I remember the conversation I had with my big sister Barb, sometime in 2017. She was telling me about her upcoming hip replacement surgery and making me laugh by mocking the voice of the medical assistant who called to give her a list of dos and don’ts pre-surgery.
In a high-pitched nasal twang achieved, I’m sure, by pinching her nostrils shut, and even imagining how dumb she looked doing that made me know I was about to crack up laughing, she related what the medical assistant had said.
“Now, you can’t have any foods after midnight but you can drink some waaaaater up to two hours prior to surgery,” my sister twanged, drawing out the “a” in water ever so nasally. So many conversations with her resulted in belly aches and sore facial muscles from laughing.
“Oh, yeah and I also have CLL,” she said casually. “It’s some kind of leukemia or something.”
After battling breast cancer that turned out to be secondary to previously-undiagnosed lymphoma into whimpering remission, my sister liked to brag, usually in funny accents, that she held the title belt in made-up championships like the “2017 Remission Rumble,” or the “Worldwide Cancer-Kickin’ Showdown Rodeo” and other such nonsense.
I loved the mental pictures I conjured up, though: My sister in sparkly tights and a Lucha Libre wrestling mask, throwing herself against the ropes to rebound, hitting cancer with a chokeslam and a quick trip to the canvas. My sister, hair teased into fluffy poufs and hairsprayed crispy, holding cancer in a figure-four-leg-lock, followed by a scorpion deathlock, a lightning-quick Boston crab and a match-ending vertical suplex.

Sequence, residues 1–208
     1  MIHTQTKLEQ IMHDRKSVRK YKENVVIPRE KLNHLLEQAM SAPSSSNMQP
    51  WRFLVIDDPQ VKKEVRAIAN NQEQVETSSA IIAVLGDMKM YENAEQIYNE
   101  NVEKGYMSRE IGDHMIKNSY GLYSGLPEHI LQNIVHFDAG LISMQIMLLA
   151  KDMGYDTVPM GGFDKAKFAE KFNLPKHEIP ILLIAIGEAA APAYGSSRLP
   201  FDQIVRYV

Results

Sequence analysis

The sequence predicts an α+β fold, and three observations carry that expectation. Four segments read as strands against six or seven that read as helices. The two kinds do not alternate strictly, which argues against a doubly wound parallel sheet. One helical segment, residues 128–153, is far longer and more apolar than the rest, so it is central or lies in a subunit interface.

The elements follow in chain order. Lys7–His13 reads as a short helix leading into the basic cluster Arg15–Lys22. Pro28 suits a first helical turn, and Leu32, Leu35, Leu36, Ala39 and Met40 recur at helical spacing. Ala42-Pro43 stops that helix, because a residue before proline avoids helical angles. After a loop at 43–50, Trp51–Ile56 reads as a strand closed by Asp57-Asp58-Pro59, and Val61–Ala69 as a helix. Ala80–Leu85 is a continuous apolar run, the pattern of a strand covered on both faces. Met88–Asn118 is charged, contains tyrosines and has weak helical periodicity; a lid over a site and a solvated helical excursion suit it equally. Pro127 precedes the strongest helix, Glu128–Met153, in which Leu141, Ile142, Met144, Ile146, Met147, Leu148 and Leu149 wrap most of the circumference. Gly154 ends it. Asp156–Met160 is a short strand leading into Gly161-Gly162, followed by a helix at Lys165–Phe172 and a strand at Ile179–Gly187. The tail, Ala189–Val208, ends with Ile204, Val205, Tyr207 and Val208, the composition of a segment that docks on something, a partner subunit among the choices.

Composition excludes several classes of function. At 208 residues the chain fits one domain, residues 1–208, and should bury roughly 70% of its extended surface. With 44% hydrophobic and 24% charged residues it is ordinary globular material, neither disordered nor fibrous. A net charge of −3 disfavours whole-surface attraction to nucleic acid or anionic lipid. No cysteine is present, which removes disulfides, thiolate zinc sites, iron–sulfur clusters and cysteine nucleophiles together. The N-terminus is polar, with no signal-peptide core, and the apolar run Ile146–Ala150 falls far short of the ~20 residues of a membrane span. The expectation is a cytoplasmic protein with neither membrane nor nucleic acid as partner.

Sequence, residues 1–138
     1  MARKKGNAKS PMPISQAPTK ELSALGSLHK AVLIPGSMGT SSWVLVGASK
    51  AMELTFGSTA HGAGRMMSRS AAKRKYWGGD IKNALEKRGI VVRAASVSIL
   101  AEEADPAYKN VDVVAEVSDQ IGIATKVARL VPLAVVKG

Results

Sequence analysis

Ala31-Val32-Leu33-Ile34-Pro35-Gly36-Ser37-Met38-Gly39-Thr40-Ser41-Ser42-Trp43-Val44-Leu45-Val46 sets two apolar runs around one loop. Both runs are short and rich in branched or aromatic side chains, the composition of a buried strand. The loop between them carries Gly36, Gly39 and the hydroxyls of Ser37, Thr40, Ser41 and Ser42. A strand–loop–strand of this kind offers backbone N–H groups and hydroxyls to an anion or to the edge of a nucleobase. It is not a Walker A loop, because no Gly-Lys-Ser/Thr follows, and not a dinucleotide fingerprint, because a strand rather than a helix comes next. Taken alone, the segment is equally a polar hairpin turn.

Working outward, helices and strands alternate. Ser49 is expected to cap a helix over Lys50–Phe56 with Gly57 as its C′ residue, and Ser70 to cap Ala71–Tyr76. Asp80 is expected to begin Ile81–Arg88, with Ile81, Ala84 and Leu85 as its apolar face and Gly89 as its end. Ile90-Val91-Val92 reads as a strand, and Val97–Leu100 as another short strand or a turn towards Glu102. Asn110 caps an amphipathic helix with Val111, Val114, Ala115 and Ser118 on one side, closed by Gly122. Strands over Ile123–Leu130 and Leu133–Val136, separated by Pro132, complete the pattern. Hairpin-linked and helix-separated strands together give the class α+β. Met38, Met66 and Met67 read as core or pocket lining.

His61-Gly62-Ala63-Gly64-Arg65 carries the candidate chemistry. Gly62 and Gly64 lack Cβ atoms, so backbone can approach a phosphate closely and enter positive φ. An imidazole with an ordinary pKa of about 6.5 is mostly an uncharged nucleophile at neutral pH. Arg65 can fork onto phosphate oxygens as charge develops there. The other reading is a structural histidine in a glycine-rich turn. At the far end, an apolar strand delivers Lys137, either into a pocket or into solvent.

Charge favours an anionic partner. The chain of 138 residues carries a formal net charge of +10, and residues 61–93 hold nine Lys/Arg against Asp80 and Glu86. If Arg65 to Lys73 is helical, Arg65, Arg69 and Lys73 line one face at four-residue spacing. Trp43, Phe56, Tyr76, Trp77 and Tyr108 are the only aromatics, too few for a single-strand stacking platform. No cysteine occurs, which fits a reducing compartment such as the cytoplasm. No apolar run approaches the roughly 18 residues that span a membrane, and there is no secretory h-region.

Yeah, my imagination is kind-of out there, but she started it, not me.
After we hung up, it was Google time. I knew nothing about “some kind of leukemia or something,” and she appeared to know less and to be very unconcerned about it.
I opened my notes app and got to learning.
I learned CLL stands for Chronic Lymphocytic Leukemia, a rare type of cancer of the blood and bone marrow. It’s not nothing, but it’s a slow-progressing cancer that develops in the white blood cells. It generally is symptomless for years and is frequently diagnosed by accident, when blood work is done for other medical reasons.
Which is how I found out I have it, too.
Sigh. Back to Google, I have some learning to do.
Patti is Editor of the Greene County Daily World. She loves to laugh and also loves kitties and wishes they could laugh, too. Wouldn’t that be fun? She’s kind of weird (you may have noticed,) but has a heart of gold (probably gold-plated). She wonders if anybody actually reads the stuff down here or if they are tired of reading her baloney much earlier than this. Hmm. Maybe she doesn’t actually want to know...If you would like to share a story, give away some cookies (Hi, Barb!) or just make a friend, she can be reached at email@example.com.